Newspaper article The Florida Times Union

FOR LOVE OF ST. JOHNS; Film Is an Attractive, Affectionate Look at Our River

Newspaper article The Florida Times Union

FOR LOVE OF ST. JOHNS; Film Is an Attractive, Affectionate Look at Our River

Article excerpt

Byline: ROGER BULL

It's the river that the French sailed into almost 450 years ago to found the first permanent European settlement in North America. And it's the same river many of us drive over every day.

River Into the New World, a new documentary that ties together the past and present of the St. Johns River, will make its Jacksonville premiere Saturday afternoon at the Jacksonville Zoo and Gardens. The city helped pay for the movie to be made, and the event is a fund-raiser for the St. Johns River Alliance. The non-profit group formed to protect the river, one of 14 federally designated American Heritage Rivers.

The film paints an attractive, affectionate portrait of the river, and the narration is full of superlatives: The first river, slowest river, most diverse wildlife of any river . . .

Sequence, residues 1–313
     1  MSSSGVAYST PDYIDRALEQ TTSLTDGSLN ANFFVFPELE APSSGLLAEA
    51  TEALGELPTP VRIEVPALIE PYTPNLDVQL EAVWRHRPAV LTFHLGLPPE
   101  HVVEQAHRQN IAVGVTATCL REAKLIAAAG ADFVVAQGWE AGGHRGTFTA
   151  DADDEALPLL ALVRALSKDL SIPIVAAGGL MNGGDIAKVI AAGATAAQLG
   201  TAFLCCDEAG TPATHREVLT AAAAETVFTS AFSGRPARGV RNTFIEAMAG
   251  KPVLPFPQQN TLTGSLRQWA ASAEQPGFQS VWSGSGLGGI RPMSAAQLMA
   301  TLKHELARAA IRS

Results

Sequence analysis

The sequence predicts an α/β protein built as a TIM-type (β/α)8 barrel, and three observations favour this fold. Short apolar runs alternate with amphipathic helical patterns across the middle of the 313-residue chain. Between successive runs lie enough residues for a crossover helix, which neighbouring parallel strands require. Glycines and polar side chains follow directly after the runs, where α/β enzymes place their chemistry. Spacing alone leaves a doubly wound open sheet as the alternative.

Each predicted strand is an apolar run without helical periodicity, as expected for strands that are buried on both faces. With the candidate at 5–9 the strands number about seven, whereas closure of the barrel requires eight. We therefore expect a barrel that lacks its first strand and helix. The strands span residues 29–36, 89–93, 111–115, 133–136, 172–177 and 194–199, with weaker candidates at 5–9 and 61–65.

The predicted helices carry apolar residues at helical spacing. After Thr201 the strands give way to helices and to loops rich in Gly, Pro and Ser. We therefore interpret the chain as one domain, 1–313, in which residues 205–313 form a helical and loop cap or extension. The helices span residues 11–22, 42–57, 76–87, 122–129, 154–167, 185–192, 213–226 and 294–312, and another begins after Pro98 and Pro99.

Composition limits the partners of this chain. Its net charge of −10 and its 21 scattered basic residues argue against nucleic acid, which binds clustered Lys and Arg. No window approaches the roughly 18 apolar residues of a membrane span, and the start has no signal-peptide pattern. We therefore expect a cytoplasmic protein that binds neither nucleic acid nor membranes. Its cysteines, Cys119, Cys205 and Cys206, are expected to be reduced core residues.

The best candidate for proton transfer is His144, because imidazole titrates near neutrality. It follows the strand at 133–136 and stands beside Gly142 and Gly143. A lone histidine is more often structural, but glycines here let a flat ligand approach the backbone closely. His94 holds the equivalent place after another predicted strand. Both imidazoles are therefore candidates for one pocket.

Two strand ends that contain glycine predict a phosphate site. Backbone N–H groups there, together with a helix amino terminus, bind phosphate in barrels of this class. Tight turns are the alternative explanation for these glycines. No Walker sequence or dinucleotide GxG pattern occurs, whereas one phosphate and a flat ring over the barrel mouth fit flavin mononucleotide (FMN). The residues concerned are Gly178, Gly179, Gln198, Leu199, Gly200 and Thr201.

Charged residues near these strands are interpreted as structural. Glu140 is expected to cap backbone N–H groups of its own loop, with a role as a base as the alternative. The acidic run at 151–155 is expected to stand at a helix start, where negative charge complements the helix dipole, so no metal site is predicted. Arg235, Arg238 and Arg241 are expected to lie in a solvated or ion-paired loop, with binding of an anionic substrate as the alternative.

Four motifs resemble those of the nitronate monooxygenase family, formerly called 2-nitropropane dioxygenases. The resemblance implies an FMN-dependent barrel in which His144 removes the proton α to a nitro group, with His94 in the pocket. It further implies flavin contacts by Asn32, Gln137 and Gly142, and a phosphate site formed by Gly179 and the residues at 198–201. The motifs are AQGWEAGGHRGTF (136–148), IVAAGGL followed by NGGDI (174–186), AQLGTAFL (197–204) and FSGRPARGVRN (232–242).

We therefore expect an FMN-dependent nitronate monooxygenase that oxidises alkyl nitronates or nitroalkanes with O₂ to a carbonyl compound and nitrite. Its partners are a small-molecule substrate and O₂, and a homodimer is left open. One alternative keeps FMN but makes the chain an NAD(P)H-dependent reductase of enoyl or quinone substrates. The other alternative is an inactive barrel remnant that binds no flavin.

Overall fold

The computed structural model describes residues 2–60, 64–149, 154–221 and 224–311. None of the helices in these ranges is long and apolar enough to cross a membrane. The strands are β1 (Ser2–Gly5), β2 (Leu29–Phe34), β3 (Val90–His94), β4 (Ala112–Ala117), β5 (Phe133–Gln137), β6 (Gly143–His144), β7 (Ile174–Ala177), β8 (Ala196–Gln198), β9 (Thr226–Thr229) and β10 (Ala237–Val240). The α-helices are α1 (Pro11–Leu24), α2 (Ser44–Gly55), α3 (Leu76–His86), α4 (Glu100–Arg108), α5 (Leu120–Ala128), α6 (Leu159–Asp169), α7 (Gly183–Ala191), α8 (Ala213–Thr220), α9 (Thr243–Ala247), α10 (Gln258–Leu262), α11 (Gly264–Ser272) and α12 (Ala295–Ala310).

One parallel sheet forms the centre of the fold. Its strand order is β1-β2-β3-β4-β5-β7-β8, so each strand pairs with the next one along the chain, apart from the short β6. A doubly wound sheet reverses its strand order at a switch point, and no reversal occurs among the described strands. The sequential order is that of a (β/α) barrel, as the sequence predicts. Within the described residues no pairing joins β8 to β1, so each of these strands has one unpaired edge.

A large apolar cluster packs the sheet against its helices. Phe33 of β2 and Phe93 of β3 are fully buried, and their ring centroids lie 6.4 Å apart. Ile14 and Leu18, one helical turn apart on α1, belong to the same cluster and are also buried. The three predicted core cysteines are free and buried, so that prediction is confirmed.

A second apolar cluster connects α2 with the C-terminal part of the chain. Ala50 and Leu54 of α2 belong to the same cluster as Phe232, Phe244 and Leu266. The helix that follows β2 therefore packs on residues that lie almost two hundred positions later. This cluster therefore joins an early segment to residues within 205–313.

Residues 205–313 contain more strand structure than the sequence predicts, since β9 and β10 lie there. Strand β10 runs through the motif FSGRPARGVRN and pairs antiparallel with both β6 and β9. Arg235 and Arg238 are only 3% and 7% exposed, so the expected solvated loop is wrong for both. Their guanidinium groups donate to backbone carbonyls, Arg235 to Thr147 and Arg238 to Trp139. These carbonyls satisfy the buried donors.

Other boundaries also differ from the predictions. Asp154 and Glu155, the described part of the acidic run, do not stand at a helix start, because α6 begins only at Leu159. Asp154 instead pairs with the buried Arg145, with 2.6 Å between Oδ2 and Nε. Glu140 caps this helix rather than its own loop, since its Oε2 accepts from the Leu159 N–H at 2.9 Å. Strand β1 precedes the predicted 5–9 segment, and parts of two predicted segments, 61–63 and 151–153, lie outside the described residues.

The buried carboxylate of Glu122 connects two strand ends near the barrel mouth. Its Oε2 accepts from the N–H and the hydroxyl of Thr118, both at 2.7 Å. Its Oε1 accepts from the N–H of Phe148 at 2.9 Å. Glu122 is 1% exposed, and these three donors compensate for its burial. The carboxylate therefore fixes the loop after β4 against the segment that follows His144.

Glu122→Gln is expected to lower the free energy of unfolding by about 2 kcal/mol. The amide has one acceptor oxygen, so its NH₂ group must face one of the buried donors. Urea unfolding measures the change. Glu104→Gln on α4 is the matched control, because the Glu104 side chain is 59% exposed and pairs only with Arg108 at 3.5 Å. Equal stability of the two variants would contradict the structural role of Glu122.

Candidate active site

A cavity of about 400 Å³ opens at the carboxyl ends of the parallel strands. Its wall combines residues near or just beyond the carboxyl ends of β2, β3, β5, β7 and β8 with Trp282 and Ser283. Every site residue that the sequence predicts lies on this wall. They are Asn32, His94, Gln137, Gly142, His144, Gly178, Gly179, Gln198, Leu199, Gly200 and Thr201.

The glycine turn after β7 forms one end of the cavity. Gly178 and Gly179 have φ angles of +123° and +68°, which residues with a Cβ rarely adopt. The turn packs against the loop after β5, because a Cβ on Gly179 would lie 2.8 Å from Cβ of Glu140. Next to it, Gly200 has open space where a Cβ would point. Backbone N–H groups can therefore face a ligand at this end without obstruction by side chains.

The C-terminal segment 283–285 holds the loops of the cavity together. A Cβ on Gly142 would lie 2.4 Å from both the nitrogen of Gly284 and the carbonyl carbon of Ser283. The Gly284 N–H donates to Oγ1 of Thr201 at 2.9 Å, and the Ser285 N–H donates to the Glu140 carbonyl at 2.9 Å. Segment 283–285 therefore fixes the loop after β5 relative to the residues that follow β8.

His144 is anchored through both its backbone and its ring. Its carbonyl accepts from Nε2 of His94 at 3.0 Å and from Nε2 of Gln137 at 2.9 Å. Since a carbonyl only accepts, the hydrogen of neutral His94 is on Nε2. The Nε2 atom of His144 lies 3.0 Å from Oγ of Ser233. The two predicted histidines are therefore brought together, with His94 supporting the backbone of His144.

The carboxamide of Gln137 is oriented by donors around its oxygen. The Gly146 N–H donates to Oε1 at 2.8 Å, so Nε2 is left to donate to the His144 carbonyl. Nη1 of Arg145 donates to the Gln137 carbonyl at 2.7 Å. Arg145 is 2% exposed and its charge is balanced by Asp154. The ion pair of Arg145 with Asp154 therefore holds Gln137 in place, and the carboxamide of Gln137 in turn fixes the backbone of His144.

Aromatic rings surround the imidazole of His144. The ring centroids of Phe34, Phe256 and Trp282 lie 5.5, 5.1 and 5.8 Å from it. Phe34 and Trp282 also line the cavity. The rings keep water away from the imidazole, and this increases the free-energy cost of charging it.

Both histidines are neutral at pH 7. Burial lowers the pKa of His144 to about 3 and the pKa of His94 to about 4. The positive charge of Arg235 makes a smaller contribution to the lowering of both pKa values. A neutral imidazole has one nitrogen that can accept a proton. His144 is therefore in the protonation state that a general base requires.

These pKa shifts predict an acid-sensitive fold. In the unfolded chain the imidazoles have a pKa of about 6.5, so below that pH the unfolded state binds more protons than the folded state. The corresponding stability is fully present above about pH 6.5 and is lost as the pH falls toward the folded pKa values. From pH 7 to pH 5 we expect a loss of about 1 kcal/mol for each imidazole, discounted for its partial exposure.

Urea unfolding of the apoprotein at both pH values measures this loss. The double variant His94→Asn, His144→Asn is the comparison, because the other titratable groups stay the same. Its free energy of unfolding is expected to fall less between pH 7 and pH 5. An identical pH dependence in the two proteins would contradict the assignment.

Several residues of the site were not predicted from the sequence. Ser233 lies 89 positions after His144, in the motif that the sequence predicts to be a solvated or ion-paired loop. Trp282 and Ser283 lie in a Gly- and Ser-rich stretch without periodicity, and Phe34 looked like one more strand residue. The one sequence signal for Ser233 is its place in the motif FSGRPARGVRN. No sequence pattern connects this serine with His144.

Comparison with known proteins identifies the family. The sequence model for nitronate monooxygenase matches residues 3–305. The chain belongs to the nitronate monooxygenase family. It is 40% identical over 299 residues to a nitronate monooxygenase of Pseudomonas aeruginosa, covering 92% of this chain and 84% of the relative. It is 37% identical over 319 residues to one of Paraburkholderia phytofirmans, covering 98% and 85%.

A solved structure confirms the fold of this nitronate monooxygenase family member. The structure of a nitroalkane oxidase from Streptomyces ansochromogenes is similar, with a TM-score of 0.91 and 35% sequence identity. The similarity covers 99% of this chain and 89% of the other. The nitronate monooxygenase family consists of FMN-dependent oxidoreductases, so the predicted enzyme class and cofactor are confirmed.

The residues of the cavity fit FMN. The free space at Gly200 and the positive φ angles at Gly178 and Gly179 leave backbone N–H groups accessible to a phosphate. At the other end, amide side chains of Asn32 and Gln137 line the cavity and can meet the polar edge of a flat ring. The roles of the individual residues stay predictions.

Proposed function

It flows with the river from south to north, from the marshes and lakes east of Vero Beach and Melbourne to its junction with the Atlantic Ocean at Mayport. But it pauses along the way to talk about history, from the Brevard County burial grounds that date back 8,000 years to the steamboat traffic that came through Jacksonville on its way to Sanford in the 1880s.

And the film stops to talk with those whose lives still are tied to the river: fisherman and guides, authors and scientists. Along with the well-known names of William Bartram and Marjorie Kinnan Rawlings, there's Huey Judah serving up fried legs at the Fellsmere Frog Leg Festival; Wes Dinkins, who gave up gator poaching when it became a federal violation and gives airboat rides to tourists; and Stanley Oglesby, who, when out hunting gators one night, saw a hippopotamus in the St. Johns.

Oglesby didn't tell anyone for a while -- "I was scared they'd laugh at me bad," he said -- but the hippo was real. It had escaped from a nearby zoo and was soon recaptured.

Tom Lowe wrote and directed the film. …

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